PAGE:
The third quarter of 2008 saw notebook shipments into the U.S. market surpass 50% share, topping quarterly desktop PC shipments for the first time in the history of the industry. The share of notebooks shipped in the U.S. in 3Q08 stood at a solid 55.2%, according to preliminary figures from IDC's U.S. Quarterly PC Tracker.
he 55% ratio was made possible by a record volume of notebooks shipped in 3Q08 ?
over 9.5 million units ? representing more than 18% growth both year over year
and on a sequential basis, according to IDC's preliminary data. These figures
were reached amid a relatively active back-to-school season and the burgeoning
financial crisis, which captured headlines but did not immediately affect the PC
Almost all the leading vendors with desktop and notebook offerings shipped
greater notebook volumes in the quarter. Some vendors such as Toshiba have long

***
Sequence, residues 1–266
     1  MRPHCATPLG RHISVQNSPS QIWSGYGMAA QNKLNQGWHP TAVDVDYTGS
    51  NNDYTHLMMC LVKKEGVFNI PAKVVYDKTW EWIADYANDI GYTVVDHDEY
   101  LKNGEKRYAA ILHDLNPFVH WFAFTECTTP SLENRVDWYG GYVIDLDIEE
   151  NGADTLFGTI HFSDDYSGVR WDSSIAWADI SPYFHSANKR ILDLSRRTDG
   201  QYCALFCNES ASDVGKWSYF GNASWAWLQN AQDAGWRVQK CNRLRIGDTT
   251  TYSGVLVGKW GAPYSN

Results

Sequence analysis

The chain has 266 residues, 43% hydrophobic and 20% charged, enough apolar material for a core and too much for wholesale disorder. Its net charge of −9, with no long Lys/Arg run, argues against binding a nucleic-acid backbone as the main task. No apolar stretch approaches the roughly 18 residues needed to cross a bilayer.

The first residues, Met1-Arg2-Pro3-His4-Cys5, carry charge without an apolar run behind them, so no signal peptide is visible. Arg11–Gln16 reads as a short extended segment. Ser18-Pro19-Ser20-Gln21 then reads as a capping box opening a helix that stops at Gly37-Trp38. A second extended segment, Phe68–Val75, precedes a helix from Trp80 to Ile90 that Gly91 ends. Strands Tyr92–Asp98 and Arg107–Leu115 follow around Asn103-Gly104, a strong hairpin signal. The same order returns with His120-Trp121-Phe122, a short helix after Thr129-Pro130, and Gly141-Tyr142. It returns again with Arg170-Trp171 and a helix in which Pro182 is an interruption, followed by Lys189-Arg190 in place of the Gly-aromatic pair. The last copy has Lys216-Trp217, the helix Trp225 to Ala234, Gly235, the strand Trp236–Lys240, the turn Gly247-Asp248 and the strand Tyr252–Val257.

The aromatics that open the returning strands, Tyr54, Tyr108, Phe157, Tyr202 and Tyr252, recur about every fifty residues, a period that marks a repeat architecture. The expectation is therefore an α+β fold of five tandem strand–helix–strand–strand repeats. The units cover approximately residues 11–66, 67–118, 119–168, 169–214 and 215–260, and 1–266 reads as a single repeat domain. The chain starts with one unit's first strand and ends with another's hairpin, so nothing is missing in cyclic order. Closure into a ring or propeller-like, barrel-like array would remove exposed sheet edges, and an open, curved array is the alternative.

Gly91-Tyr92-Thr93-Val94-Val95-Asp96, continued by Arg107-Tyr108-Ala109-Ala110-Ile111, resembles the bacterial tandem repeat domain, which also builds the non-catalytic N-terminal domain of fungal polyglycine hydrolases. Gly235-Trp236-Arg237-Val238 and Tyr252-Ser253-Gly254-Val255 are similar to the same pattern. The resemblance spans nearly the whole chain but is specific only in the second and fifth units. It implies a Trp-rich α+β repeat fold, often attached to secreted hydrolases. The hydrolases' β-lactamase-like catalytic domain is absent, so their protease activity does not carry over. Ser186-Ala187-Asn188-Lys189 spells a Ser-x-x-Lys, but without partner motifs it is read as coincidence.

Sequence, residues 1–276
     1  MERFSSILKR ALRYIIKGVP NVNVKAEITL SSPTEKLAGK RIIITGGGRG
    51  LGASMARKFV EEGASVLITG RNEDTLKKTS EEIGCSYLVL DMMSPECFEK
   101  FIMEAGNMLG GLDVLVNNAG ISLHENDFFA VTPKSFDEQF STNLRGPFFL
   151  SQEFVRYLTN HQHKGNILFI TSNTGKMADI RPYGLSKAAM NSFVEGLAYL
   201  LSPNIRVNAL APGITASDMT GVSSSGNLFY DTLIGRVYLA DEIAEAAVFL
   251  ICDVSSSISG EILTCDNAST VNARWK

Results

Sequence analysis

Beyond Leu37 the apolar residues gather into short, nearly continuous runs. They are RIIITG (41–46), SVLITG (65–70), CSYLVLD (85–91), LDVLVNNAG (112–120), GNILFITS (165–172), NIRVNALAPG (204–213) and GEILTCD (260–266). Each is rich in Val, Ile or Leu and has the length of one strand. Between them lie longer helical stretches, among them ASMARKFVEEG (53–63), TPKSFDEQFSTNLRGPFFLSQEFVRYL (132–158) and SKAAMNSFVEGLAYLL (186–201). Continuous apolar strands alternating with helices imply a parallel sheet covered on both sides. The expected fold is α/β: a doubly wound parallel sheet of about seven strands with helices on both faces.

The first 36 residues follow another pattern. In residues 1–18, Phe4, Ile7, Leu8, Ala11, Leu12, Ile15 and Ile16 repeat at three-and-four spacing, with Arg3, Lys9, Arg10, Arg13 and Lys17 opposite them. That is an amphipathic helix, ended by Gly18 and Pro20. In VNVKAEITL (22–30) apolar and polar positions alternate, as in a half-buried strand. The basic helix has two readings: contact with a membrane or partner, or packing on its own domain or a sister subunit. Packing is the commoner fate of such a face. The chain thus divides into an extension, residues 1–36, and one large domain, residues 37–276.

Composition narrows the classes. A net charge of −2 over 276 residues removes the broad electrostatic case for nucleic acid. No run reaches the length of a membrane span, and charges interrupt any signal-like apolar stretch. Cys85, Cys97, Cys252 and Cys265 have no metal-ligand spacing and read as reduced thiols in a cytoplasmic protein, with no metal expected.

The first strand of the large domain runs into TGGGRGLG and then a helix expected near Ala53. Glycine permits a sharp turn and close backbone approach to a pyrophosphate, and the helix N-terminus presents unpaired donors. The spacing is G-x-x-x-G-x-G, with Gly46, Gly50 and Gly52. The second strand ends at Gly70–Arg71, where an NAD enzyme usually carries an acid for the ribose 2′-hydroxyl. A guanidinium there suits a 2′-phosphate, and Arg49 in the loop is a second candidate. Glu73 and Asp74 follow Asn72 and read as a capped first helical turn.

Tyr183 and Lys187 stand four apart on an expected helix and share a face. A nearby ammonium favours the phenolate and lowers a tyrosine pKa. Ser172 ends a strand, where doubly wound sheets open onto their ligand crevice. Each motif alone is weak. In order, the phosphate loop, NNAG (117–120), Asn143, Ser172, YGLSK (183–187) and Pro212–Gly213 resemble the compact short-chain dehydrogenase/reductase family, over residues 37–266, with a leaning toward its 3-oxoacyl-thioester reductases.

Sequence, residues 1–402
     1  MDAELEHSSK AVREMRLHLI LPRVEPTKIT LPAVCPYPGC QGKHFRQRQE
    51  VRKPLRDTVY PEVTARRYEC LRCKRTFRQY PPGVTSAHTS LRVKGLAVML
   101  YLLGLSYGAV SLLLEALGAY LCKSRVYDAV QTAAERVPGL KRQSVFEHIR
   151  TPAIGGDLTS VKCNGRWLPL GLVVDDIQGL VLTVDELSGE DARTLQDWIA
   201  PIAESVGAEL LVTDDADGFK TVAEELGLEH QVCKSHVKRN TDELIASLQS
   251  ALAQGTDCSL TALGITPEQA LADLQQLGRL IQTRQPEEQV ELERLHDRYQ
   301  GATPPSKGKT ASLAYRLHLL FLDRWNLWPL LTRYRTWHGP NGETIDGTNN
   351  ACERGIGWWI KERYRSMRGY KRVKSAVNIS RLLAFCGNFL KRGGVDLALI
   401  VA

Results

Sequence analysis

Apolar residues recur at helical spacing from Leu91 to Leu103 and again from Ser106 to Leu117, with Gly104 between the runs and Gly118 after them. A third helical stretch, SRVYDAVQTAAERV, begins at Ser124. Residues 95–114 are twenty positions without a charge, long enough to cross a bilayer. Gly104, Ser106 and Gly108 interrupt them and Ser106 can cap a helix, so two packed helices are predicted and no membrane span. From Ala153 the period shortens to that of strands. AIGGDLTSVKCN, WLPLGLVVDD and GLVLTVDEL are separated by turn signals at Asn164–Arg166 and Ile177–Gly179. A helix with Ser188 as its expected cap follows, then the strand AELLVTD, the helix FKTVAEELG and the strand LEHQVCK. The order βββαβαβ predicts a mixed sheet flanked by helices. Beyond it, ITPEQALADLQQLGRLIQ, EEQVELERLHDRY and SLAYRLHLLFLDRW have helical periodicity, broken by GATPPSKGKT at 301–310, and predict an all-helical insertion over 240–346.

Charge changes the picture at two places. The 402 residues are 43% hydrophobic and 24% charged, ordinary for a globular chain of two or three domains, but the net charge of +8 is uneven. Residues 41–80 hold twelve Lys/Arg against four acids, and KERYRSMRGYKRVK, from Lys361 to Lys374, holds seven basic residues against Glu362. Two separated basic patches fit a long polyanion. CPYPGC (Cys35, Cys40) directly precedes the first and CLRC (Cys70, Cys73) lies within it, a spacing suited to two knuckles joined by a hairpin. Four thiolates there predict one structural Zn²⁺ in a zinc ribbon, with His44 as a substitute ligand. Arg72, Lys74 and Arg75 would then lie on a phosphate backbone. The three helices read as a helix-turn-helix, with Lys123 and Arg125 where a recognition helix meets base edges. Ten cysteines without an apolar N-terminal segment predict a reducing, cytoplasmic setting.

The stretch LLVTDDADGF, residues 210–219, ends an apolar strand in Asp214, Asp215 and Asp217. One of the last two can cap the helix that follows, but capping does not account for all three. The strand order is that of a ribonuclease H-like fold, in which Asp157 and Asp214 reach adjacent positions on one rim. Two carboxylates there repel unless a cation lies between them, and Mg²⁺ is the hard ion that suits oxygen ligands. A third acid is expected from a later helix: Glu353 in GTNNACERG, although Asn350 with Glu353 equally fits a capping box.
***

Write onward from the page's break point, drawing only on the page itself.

focused exclusively on notebooks. Others, including Sony, Acer, and Lenovo
exceeded the 65% notebook ratio within their own PC client shipment base.
Attracted by the opportunities of an expanded multi-PC-per user base, new
notebook-focused vendors are making their way into the U.S. market, including
Asus and Samsung. The potentially expanding mid-tier vendor base is likely to
further increase competition among well-known brands, with the potential for
lower prices to stimulate demand and keep unit growth in positive territory.
"The consumer market continued to be the top driving factor in the notebook
offensive but the commercial sector played a critical role too" says David Daoud,
research manager, U.S. Quarterly PC Tracker and Personal Systems at IDC. "The
consumer market has long favored notebooks, with mobile ratios exceeding the 70%
mark. So it is clear that the small and mid-markets, as well as the enterprise
and public sector buyers, are seeing good value in mobility. Looking ahead, while
mobility will remain a leading growth factor, the economy will be a major wild
card in the short to mid term. Prolonged economic tension could have an adverse
effect on the PC space leading to reduced growth, but the good news is that
virtually every buyer considers PCs as must-have products and not a secondary